Alfred M. Lilienthal

Tue, 12 Aug 97

From: Zeveiwolf

Publ. Dodd Mead and Co. 1978

Following excerpt is from Chapter II, America Picks up the Torch pp 35-6

With the Jews of Europe facing the onslaught of Hitler genocide and Nazi crematoriums, President Roosevelt hoped that the rescue of 500,000 could be achieved by affording a generous worldwide political asylum. In line with this humanitarian idea, MORRIS ERNST, a N.Y. attorney and a close friend of the President, went to London in the middle of the war to see if the British would take in 100,000 or 200,000 uprooted people. The President had reason to assume that Canada, Australia, and the South American countries would gladly open their doors. And if such good examples were set by other nations, Mr. Roosevelt felt that the American Congress could be "educated to go back to our trditional position of asylum." The key was in London. Would Morris Ernst succeed there? He came home to report, and this is what took place in the White House as related by him to a Cincinnati audience in 1950:

ERNST: We are at home plate. Tht little island [ it was during the second blitz that he visited England] on a properly representative program of a World Immigration Budget will match the U.S. up to 150,000. ROOSEVELT: 150 thousand to England, 150 thousand to match that in the U.S., pick up 200 thousand or 300 thousand eleswhere, and we can start with half a million of thee oppressed people.

A week or so later, Ernst and his wife again visited the President.

ROOSEVELT: Nothing doing on the program. We can't put it over because the dominant, vocval Jewish leadership of America won't stand for it. ERNST: It's impossible! Why? ROOSEVELT: They are right from THEIR point of view. The Zionist movement knows that Palestine is, and will be for some time, a remittanc society. They know that they can raise vast sums for Palestine by sayingto donors, "There is no other place this poor Jew can go." But if there is a world political asylum for all people irrespective of race, creed or color, they cannot raise their money. Then the people who do not want to give the money will have an excuse to say, "What do you mean, there is no place they can go but Palestine? They are the preferred wards of the world."

Ernst shocked, first refused to believe his leader and friend. He began to lobby among influential Jewish friends for this world program of rescue, without mentioning the reaction of the President or the British. As he himself put it: " I was thrown out of parlors of friends of mine who very frankly said, "Morris, this is treason. You are undermining the Zionist movement." (9) He ran into the same reaction among all Jewish groups and their leaders. Everywhere he found "a deep, genuine, often fanatically emotional vested interest in putting over the Palesinian movement" in men "who are little concerned about human blood if it is not their own." (10) This response of Zionism ended the remarkable Roosevelt effort to rescue Europe's displaced persons. By mid-1942 London and Washington had reached an agreement on the tactic of restraining local political foment over the Palestine question by delaying a settlement of the issue until the conslucion of the war, meanwhile assuring both Arabs and Jews that no decision would be reached without prior consultation with both.(11) As tensions in the Holy Land increased, a joint Anglo-American statement to this effect, and emphasizing tht "no changes brought about by force in the status of Palestine or the administrtion of the country would be permitted or acquiesced in," ws prepared for release to the public. The White House, under constant Zionist bombardment, hoped to ward off further public agitation and domestic political activities relative to Palestine while the war was in progress. A leak ocurred, however, before the Anglo-American joint statement could be issued, and Zionists immediately flooded high goernment officials with protests(12). At this point Sec. of State Cordell Hull believed that the matter should be decided not on a diplomatic basis but on a military one. Sec. of War Henry L. Stimson concluded that the military situation was not seious enough to warrant any sttement on Palestine. The plan was canceled. The joint declaration, earlier agreed upon as being in the national interest by the highest political authorities of both countries (The President of the United States, and the Prime Minister of Great Britain), thus had been killed by American Zionist pressure groups. (13)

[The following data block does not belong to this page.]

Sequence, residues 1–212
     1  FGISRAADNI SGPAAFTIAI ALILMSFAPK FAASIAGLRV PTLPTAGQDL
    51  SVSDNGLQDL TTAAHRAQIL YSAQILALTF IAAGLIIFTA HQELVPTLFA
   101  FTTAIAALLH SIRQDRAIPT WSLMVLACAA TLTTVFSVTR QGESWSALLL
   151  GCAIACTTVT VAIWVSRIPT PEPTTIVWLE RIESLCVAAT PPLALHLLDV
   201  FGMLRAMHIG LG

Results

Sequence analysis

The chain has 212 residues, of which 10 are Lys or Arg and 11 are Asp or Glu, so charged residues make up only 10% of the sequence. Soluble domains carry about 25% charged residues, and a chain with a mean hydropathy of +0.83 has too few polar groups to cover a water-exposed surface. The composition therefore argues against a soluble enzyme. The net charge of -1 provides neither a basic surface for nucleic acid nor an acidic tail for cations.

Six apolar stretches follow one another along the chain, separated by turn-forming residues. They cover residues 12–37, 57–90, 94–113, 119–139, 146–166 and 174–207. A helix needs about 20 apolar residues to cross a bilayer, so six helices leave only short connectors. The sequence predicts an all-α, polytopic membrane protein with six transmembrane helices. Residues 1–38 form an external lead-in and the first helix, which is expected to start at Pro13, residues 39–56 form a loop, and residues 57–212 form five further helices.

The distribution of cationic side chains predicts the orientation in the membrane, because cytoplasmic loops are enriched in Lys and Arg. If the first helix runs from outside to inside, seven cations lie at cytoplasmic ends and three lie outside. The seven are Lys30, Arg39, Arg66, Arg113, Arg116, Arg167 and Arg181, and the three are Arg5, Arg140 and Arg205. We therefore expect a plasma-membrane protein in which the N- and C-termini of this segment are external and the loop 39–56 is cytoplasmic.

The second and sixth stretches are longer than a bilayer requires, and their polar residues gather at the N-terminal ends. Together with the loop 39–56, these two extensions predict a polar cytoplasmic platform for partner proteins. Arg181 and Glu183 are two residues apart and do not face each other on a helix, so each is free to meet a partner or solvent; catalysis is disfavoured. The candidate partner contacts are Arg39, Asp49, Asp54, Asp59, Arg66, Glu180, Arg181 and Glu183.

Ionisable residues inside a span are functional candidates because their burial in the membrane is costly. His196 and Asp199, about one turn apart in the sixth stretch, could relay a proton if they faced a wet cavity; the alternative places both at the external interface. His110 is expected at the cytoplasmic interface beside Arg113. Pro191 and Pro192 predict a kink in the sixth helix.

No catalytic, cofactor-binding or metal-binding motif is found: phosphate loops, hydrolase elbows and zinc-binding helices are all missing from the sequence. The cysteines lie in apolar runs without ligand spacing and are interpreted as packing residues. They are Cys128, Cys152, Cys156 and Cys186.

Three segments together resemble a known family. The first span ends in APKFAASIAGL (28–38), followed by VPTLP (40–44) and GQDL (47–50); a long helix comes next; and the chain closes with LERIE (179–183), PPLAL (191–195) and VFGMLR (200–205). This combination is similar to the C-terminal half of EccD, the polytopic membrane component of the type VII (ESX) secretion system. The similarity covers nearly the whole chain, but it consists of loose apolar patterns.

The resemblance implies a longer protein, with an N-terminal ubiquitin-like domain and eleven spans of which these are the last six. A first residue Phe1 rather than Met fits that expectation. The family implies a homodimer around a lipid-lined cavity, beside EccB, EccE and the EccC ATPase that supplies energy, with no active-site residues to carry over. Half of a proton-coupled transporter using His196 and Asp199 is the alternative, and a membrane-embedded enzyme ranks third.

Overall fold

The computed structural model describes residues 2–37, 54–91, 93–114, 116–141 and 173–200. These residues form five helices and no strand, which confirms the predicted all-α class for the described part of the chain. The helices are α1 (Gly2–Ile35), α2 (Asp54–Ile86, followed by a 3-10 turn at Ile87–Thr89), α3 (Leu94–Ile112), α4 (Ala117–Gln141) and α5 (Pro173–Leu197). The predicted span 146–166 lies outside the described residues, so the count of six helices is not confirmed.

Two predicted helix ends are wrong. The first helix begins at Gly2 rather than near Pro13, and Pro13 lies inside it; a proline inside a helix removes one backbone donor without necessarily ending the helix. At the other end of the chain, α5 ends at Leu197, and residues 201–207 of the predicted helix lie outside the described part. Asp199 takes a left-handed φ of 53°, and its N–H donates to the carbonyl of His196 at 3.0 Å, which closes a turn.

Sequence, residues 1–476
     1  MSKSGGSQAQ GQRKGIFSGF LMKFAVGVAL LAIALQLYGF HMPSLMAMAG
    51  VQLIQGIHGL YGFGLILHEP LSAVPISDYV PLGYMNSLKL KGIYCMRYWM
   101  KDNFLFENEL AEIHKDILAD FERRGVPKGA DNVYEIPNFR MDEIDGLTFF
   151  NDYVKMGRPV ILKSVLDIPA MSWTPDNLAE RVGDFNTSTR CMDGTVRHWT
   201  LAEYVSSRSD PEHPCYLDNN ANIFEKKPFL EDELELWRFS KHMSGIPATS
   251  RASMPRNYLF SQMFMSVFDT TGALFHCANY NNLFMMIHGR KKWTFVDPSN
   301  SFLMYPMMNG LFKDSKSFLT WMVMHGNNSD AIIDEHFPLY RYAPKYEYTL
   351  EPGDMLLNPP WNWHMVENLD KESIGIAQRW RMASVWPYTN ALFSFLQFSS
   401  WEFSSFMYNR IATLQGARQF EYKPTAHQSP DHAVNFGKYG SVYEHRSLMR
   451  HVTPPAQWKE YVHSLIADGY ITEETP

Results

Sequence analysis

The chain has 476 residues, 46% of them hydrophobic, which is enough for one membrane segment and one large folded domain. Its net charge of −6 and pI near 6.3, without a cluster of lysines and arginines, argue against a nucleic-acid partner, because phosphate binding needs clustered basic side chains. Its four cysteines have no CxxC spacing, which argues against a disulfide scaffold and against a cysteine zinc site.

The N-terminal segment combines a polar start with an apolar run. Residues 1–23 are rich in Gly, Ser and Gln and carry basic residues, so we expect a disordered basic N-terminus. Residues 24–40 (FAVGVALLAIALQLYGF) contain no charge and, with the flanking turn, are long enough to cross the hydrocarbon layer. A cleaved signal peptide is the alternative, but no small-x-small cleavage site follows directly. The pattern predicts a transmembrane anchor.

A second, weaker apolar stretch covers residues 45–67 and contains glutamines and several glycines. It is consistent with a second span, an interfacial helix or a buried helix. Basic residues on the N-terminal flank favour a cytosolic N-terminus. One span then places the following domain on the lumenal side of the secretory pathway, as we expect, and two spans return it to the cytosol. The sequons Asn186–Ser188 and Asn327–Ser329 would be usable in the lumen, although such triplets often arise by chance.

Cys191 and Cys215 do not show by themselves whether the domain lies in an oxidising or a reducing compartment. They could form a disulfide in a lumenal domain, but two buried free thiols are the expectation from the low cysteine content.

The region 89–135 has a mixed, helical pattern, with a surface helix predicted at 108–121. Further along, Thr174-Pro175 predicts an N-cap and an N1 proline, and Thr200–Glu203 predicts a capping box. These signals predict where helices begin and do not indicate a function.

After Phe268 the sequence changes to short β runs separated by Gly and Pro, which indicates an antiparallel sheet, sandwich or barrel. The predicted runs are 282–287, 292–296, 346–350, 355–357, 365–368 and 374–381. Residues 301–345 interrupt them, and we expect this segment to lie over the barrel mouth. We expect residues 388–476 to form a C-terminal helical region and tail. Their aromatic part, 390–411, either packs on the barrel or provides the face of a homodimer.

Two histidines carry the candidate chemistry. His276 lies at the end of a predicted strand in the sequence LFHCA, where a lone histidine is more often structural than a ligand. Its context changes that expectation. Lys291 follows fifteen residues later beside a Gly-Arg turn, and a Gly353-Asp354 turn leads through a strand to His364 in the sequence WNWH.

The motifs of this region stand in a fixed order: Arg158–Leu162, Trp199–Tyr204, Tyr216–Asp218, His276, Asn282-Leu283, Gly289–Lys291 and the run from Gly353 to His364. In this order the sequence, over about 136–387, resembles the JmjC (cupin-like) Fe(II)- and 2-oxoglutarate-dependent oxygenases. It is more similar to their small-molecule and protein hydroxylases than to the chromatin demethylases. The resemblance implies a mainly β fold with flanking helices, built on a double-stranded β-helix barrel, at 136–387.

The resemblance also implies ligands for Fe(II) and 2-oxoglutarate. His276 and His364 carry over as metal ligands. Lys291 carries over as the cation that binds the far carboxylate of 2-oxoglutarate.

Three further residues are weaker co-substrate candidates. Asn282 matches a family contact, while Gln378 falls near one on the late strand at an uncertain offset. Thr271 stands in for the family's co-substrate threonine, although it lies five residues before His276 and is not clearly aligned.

(9) For a full discussion of the refugee problem, see Morris L. Ernst, SO FAR SO GOOD ( New York, Harper, 1948), p. 170-77

(10) ibid, p. 176

(11) Foreign Relations of the Unites States, Diplomatic Papers (FR) - [these volvumes are publications of the dept. of State, and contain diplomatic correspondence, cables, memorandums, reports of conversations, etc. Usually, they are published 25 years after the events to which they pertain.] 1942, Vol.IV, pp.538-44

(12) FR: 1945, Vol. VIII, p. 699

(13) FR. 1943 Vol. IV., p. 798. See enclosure to letter of 7/19/43, from Cordell Hull to President Roosevelt.